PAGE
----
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Taiwan says will continue to push for papal visit
October 19, 2018
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TAIPEI: Taiwan said on Friday it would continue to push for a papal visit to the island after the Vatican turned down its most recent invitation.

Vice president Chen Chien-jen made the invitation during an audience with the pope Sunday as Taiwan seeks to deepen ties with its only ally in Europe after the Holy See signed a historic deal with Beijing. 

The landmark agreement last month on the appointment of bishops paved the way for a rapprochement between the Vatican and China. 

That raised questions over the future of official ties between Taiwan and the Holy See as China makes a concerted effort to poach its dwindling number of diplomatic allies. 

The Vatican issued a brief statement on Thursday saying a visit to Taiwan “by the Holy Father is not being planned.”

Taiwan’s foreign ministry said on Friday it would not be deterred.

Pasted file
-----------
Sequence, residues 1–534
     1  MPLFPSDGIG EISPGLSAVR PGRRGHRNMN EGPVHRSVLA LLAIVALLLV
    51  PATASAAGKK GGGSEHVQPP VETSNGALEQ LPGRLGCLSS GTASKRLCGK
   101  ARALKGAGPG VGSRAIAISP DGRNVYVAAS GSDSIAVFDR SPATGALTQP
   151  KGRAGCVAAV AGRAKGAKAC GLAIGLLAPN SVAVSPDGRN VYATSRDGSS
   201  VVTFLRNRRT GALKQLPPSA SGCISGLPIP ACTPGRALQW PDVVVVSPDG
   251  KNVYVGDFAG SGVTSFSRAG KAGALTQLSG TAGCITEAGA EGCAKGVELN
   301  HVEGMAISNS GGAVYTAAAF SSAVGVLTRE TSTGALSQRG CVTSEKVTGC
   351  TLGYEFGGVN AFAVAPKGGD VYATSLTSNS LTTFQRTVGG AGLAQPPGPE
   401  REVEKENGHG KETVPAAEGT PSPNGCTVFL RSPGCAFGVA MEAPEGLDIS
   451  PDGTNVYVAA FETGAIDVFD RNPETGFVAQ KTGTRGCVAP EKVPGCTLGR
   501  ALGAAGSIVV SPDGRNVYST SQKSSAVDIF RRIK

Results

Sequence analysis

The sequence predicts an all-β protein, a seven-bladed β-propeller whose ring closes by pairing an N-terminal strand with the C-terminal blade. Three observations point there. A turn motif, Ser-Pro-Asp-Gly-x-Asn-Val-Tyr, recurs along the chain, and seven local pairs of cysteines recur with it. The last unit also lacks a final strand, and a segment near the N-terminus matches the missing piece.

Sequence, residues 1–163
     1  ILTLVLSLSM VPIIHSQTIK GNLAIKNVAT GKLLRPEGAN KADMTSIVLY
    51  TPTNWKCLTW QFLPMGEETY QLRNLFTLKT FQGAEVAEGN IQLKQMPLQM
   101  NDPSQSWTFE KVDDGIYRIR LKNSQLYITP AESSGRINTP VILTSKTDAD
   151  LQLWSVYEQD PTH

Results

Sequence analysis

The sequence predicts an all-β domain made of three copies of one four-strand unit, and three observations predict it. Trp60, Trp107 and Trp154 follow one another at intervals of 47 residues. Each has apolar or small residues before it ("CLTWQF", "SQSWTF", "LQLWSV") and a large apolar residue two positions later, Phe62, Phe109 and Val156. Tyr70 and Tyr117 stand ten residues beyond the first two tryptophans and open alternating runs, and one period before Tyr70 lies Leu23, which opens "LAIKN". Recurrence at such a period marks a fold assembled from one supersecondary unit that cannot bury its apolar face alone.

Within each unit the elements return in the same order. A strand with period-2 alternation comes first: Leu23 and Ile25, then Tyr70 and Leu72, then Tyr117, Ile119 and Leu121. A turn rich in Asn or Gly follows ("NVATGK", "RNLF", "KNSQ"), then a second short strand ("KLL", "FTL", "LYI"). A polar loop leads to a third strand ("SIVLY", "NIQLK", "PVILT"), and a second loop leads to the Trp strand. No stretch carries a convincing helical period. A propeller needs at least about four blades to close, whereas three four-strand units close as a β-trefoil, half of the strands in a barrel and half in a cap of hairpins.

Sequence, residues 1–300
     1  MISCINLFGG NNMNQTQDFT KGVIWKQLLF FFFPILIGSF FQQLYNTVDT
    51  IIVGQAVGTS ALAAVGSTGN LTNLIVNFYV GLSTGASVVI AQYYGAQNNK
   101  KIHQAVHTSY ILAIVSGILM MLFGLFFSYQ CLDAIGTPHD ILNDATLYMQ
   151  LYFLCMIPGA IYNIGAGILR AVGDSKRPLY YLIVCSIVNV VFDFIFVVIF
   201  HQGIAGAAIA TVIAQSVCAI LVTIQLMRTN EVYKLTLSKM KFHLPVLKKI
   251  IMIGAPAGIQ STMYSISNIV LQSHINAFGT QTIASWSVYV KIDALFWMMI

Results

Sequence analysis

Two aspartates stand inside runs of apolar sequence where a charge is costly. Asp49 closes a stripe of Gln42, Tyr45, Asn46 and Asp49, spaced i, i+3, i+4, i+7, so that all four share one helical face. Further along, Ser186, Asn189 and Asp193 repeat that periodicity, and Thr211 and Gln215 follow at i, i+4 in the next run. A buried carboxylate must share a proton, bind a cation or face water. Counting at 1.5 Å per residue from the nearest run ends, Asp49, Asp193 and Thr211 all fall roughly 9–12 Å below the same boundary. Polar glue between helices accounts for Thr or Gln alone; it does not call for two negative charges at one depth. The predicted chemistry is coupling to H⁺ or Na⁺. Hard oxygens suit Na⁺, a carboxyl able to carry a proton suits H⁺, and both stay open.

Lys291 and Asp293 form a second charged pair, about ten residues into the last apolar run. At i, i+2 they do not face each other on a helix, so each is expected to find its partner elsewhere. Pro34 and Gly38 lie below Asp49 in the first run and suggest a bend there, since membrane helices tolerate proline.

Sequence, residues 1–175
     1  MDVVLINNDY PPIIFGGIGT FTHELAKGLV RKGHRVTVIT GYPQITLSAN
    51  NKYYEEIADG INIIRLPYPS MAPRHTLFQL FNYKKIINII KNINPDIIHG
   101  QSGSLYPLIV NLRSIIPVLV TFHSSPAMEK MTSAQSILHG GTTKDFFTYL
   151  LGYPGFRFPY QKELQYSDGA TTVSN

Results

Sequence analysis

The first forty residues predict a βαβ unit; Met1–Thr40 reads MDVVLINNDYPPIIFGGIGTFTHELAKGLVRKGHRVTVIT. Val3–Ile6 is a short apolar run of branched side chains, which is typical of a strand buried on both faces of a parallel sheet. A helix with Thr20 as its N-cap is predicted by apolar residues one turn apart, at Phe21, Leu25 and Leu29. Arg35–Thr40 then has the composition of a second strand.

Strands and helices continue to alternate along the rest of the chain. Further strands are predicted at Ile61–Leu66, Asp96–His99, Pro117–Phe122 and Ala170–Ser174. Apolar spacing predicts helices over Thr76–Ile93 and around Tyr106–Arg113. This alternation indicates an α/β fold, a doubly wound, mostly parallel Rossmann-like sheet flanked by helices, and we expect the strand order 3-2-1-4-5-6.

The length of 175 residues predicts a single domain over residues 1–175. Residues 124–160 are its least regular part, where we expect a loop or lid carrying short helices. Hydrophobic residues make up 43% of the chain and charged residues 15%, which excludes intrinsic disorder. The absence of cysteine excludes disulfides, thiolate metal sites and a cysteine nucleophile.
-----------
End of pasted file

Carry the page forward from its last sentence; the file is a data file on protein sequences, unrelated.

“Over the past years, we and the Bishop’s Conference have extended invitations to the Pope to visit, to experience first hand Taiwan’s religious freedom and progress in many diversified areas,” it said in a statement to AFP.

“We will continue to extend invitations to the pope to visit Taiwan, and hope that the Vatican can accommodate such a visit,” it added. 

Devout Catholic Chen’s audience with the pope came ahead of the canonisation of Pope Paul VI.

Taiwanese officials had said his visit would help deepen Taiwan-Vatican relations and that they believed the Vatican would not abandon Taiwan.

China sees self-ruling democratic Taiwan as part of its territory to be reunified and demands its allies forfeit recognition of the island. 

Taiwan, which sees itself as a sovereign country and has around 300,000 Catholics, has lost five allies to Beijing in the past two years. 

Relations have deteriorated since President Tsai Ing-wen came to power in 2016, as she does not recognise Taiwan is part of “one China,” as Beijing insists. 

Agence France-Presse

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